He looked intrigued, so I said, “I’ll give it to you if you promise to read it!”
He smiled and said, “Agreed – just as long as you promise to read my book!” He then gave me a book with the title CHAOS – Making a New Science, by James Gleick.
Honor satisfied, the conversation was over and it wasn’t long before we arrived in Destin/Fort Walton Beach. We parted with smiles, and while I had not seen a complete conversion from Chaos to New Life, I felt sure that my new friend had been given a lot to think about. I continue to pray that God will give him other companions on the way.
Cliff Knechtle (an author and evangelist who pastors a church in New Canaan, CT) puts it this way: “A person’s coming to Christ is like a chain with many links. There is the first link, the middle links and a last link. There are many influences and conversations that precede a person’s decision to convert to Christ. I know the joy of being the first link at times, a middle link usually and occasionally the last link. God has not called me to only be the last link. He has called me to be faithful and to love all people.”
I had a number of “last link” experiences during our time in New York City. One of the most memorable was when I met with Dr. A – Director of an HIV/AIDS Clinic on the Upper East Side of Manhattan. He had asked for an appointment to discuss an urgent personal matter.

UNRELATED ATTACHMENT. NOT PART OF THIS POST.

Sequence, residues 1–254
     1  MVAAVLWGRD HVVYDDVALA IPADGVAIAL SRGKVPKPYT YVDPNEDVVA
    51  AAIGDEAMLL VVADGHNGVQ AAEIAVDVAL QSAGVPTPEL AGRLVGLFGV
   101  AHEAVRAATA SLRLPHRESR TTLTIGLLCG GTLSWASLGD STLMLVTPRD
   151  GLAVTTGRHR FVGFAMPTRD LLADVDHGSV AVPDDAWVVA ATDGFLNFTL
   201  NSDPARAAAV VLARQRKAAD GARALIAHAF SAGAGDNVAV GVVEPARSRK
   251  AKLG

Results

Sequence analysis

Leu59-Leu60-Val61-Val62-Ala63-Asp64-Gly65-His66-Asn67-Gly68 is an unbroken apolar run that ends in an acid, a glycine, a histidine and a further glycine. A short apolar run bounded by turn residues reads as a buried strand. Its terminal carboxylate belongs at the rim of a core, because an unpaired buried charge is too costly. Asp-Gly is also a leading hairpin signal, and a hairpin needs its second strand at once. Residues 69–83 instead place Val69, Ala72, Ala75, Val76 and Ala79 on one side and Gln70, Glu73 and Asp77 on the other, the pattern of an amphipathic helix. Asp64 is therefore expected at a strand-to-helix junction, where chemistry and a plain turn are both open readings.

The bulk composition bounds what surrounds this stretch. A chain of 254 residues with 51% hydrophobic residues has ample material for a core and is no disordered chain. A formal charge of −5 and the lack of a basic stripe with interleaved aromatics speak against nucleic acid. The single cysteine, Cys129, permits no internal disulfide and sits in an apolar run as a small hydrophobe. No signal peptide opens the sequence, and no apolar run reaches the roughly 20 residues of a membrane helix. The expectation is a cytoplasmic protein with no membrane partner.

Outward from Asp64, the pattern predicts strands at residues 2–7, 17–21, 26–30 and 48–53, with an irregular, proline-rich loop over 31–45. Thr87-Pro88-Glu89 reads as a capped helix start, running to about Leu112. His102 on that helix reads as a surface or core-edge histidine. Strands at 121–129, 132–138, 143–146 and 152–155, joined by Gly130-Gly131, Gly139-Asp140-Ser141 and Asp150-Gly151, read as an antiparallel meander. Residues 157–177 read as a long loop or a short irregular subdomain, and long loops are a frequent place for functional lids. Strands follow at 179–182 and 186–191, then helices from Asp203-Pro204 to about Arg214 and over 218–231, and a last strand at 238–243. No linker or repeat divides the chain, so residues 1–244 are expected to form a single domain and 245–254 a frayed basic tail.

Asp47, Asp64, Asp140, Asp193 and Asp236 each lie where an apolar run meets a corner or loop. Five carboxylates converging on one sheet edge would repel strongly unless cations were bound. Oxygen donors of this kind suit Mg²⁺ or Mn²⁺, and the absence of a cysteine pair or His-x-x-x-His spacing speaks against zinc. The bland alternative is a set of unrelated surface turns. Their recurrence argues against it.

He introduced himself by telling me that while he had been raised in a nominally Roman Catholic family, he had rejected the church and Christian faith while in medical school. More recently he had fallen in love with a young woman doctor who was an enthusiastic Christian, and she had declared that their relationship was going nowhere until he became a Christian. Totally smitten, he had come to seek my direction on how to become a Christian to satisfy her requirements. I could tell that his search was heartfelt – and so offered to meet with him for a weekly personal Bible study using the Gospel of Luke. He agreed but pointed out that, in all honesty, he believed in neither God nor the Bible.
Our study proved to be a delightful adventure. I began each of our early morning sessions with prayer. At first, he asked about the origins of the Biblical text and its historicity and accuracy, but over the weeks I watched as he was drawn into the stories. And then one week he said, “I’ve studied lots of ancient medical writings, and the author of this book was most definitely a doctor.” I pointed out that most Bible scholars would agree with him. One morning, weeks into our studies, he announced that he had prayed to Jesus for the first time in his life and that he had experienced a peace that he had never known. His faith grew steadily. Sadly, he never “got the girl,” and they both moved on … but he had discovered a far greater love, a new life in Christ.
As for you, always be sober-minded, endure suffering, do the work of an evangelist, fulfill your ministry. (2 Timothy 4:5)
Your brother in Christ,